This week's visit from Pakistani President Asif Ali Zardari included one White House summit and a number of 'I-Want-To-Tear-My-Hair-Out' interviews ("I" being the viewer, not Zardari). This morning, 'Meet The Press' aired its Zardari sitdown. Three exchanges were worth noting. The first:
MR. GREGORY: Let me ask you about Pakistan's nuclear arsenal. There's been a question about the security of that arsenal. You've assured the world that those nuclear weapons are secure. But I wonder why you're continuing to add to your stockpile, add to your arsenal at what is described as a pretty fast rate when there's so much instability in the country?
MR. ZARDARI: That's, that's, that's not a fact. It's a, it's a position that some people have taken. We, we're not adding to our stockpile as such. Why do we need more?
MR. GREGORY: So you're not adding to your nuclear arsenal at all?
MR. ZARDARI: I don't think so, no.
MR. GREGORY: You don't--do you know?
MR. ZARDARI: Even if I did, I wasn't going to tell you.
This is somewhat less than comforting. In the same vein:
MR. GREGORY: Is there a view, however, in Pakistan that the Taliban should be kept around for a rainy day, as it's been said, as a bulwark against Indian influence in neighboring Afghanistan?
MR. ZARDARI: I don't think so. I don't think so.
Obviously Zardari's eight words can be spoken with varying inflections and levels of passion, but he appeared extremely hesitant onscreen.
And this leads to the third exchange. In an interview with Charlie Rose earlier in the week, Zardari was asked why the Pakistani military is still on the eastern border with India, across the country from Afghanistan and the Taliban. Zardari's response was two-fold: First, he said the military was in eastern Pakistan because of the "perceived" threat of India. He added that it was natural for the military to be on the eastern border because eastern Pakistan is the location of most Pakistani military bases. This second answer was almost tautological, and only restated the problem Rose was asking about. Still, his use of the word "perceived" was interesting. Was he saying that India was not a real threat? And "perceived" by whom? He is after all the country's leader. But, coupled with his half-admission that Pakistan's military posture is a relic of another era, the answer seemed significant. Gregory gave him the chance to comment on the same subject today:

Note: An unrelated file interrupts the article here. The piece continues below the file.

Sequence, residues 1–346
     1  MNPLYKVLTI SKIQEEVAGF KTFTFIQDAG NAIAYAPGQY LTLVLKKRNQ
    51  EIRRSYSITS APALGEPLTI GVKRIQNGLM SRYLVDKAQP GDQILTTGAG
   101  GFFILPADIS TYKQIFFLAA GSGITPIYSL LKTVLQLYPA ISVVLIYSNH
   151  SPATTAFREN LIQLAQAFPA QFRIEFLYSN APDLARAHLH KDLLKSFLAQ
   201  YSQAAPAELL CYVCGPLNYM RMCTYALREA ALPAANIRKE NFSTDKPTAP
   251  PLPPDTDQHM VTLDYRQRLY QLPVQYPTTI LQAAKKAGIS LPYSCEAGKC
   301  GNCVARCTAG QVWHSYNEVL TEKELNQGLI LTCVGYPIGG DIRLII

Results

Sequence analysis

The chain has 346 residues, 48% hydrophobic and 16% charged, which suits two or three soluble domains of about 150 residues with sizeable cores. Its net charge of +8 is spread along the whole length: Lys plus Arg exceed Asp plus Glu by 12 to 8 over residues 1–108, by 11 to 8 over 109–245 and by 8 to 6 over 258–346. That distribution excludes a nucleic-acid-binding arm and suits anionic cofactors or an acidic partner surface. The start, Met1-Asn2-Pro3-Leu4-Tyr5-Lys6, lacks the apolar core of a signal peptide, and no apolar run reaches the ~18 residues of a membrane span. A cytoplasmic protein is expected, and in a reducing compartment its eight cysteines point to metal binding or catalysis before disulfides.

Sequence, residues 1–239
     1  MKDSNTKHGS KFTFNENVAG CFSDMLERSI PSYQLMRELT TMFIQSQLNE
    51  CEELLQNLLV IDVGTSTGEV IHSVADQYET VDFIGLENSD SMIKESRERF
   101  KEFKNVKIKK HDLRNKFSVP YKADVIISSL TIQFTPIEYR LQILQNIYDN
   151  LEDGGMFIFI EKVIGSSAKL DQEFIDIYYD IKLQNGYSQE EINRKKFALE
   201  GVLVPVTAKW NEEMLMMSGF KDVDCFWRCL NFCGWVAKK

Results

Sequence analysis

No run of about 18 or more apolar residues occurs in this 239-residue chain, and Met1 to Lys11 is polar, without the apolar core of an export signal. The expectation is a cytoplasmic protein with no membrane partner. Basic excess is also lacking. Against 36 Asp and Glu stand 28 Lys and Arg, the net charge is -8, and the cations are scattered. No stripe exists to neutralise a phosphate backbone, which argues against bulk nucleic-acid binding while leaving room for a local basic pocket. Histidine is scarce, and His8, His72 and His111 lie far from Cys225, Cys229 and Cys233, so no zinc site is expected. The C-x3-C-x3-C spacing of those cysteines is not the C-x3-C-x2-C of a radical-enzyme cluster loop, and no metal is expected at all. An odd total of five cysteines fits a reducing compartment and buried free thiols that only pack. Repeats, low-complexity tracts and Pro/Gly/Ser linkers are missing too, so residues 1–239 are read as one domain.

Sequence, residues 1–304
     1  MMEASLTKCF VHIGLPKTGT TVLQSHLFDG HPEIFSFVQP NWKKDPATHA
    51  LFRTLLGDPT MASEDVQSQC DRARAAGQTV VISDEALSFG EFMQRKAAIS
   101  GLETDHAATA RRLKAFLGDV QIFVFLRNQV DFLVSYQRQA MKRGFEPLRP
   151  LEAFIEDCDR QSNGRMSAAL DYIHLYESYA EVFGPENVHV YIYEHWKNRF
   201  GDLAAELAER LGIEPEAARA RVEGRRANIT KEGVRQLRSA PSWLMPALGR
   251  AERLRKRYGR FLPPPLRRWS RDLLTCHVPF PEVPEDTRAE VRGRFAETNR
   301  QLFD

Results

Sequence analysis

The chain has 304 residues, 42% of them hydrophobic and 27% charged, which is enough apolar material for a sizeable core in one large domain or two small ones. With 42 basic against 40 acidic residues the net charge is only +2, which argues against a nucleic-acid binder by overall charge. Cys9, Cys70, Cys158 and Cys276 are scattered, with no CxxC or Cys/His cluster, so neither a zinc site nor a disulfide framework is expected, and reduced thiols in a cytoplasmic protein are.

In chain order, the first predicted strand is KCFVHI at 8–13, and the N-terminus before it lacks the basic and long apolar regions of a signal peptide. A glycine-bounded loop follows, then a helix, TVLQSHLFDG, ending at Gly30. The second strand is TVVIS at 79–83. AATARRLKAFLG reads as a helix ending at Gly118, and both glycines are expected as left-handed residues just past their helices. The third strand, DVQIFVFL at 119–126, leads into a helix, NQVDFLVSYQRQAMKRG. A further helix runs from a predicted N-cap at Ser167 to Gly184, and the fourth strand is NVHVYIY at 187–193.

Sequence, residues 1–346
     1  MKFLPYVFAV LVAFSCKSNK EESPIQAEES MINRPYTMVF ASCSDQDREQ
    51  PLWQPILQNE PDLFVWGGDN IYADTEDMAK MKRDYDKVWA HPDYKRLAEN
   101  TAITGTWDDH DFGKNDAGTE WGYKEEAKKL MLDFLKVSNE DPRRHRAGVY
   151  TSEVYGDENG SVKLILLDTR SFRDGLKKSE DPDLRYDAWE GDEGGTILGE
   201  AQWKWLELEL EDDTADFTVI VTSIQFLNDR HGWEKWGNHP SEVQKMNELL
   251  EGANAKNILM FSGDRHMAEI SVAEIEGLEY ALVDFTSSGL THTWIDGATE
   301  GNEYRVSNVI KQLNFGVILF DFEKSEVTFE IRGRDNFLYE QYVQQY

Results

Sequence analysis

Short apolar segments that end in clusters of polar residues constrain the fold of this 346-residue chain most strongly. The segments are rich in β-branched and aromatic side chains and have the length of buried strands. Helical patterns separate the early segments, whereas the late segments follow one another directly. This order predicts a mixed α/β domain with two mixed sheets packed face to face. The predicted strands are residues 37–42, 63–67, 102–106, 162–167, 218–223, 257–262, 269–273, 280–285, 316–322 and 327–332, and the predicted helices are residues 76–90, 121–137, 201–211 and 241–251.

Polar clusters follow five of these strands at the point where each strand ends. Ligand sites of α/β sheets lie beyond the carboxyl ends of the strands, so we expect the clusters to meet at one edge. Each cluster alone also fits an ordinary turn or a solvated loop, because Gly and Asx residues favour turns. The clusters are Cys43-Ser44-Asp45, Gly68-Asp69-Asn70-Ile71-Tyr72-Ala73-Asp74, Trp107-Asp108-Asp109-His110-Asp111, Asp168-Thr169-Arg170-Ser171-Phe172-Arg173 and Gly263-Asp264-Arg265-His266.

MR. GREGORY: Do you consider the Taliban to be a bigger threat today than India?
MR. ZARDARI: I consider it a different--they're--India's a country and Pakistan is a, a...(unintelligible)...we're, we're two states which in fact Pakistan stemmed out of the subcontinent out of India. So it's a different relationship, it's a different context.
As the transcript makes clear, Zardari did not want to answer the question. But perhaps one reason why India is "perceived" as a bigger threat than the Taliban is that Pakistan's leaders refuse to say otherwise! In other words, for Pakistan to revise its defense posture it needs two, interconnected developments: reduced tensions with India, and a populace more concerned with religious extremists than the democratic state next door. But that is not going to happen until the message starts being sent out from on high. Sure, this kind of thing takes years, if not generations, and Zardari is not a leader with much popularity or power in his own country. But his hedging is just another sign of how complex the problem remains, and how difficult it is going to be for the Obama administration to realize its aims in the region.